The letter said that all of his life Sailors Mouth Johnson suffered from narcolepsy and had actually never set his foot beyond the Isle of Jura. And that his real name was Adam Perth McNeary. His disease in his last years, wrote Miss Eve Adelaide, had been progressing, and he would fall asleep abruptly more and more often and had dreams so vivid and realistic that he no longer had been able tell them from the real life. I never told you this before, old boy, Miss Eve Adelaide continued, as I felt a treacherous tear appear in the corner of my eye, because I saw those sparks in your eyes when you listened to him. You wanted to believe - in miracles, in a better life, in pursuing your dream and I couldnt just ruin your faith. I knew I had no right to take it away from you. Now that I see you have managed to break away and live the life you wanted I can finally tell you this. And as for my brother dont take it in bad part, because he never lied to you. He truly believed in every single word he told you. And he needed someone to believe him. You did. Thank you.
As I was reading through the last lines I was already crying like a baby. Mixed feelings overwhelmed me. It felt like a beautiful legend that Ive been living for and, maybe, because of, for the last fifteen years crashed down with a bang within a minute. But then I recalled Miss Eve Adelaides words. And it crossed my mind that probably it doesnt matter whether the legend was true. It was true for me back then. And if it werent for this legend, I might have been doomed to working in some local pub on the Isle of Jura for my entire life. Then I thought of Sailors Mouth and his dream-stories. He had vivid dreams and Ive managed to make them come true. And some warm feeling of joy suddenly came over me I felt like if Sailors Mouth could be watching me right now from his cozy spot in heaven, he would definitely high-five me. Well done, ye Naughty Possum! for a moment it seemed I even heard his voice saying this. And I smiled.
Then I remembered the night my big journey started.
Half on my way home from Miss Eve Adelaides house I stopped and pulled the small black box out of my pocket. I hesitated a bit and then opened it. Inside, on a piece of red velvet, just like I thought, was Sailors Mouths Marine Band. I took it out, sat myself on the pavement and started playing I believe Ill dust my broom, the song that three years ago changed my life completely. When I finished, I already had a clear plan in my mind.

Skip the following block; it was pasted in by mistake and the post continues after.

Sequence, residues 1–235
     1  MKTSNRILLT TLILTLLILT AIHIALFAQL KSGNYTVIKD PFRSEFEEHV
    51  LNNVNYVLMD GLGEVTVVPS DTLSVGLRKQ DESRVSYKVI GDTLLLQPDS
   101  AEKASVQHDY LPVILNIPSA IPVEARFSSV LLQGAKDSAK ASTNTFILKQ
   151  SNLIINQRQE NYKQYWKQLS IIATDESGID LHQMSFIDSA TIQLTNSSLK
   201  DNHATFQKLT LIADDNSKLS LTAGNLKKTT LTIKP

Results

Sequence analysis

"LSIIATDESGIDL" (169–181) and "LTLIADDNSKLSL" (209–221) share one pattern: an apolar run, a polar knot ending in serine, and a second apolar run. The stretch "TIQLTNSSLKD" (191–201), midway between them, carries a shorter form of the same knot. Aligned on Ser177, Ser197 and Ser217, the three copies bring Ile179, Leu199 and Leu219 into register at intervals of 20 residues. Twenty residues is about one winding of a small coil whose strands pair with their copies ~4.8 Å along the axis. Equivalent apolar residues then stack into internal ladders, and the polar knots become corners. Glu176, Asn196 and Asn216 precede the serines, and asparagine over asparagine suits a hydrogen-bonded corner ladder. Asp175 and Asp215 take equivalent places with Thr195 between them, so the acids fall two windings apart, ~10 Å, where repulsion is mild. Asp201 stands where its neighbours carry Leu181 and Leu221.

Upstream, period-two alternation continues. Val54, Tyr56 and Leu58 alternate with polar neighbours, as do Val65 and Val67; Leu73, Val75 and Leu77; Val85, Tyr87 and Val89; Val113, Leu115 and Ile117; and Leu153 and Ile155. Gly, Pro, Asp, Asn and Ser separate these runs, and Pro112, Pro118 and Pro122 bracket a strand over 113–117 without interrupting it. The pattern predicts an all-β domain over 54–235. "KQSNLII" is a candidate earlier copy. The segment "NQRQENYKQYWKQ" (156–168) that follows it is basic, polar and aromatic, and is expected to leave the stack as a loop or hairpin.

Walking up the hill towards my home I knew I had made the right choice.

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2012-03-31 00:35 

california dreamer
every atom in our bodies was once part of a star
" "? :)
- ! :)

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2012-03-31 15:45 

Francis P. Irwin
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california dreamer, , ) ( ))
, ))

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2012-03-31 15:48 

california dreamer
every atom in our bodies was once part of a star

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2012-04-01 02:41 

Francis P. Irwin
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california dreamer, . , , ) (- - , )) , - )
- , , literary talent contest))

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2012-04-01 03:24 

california dreamer
every atom in our bodies was once part of a star
, , :) .
! - , ...

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2012-04-02 02:04 

Francis P. Irwin
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california dreamer, , ) , , )) - , , )) ( ))

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2012-04-02 22:18 

california dreamer
every atom in our bodies was once part of a star
Francis P. Irwin
! ! "!" :))

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2012-04-03 13:21 

Francis P. Irwin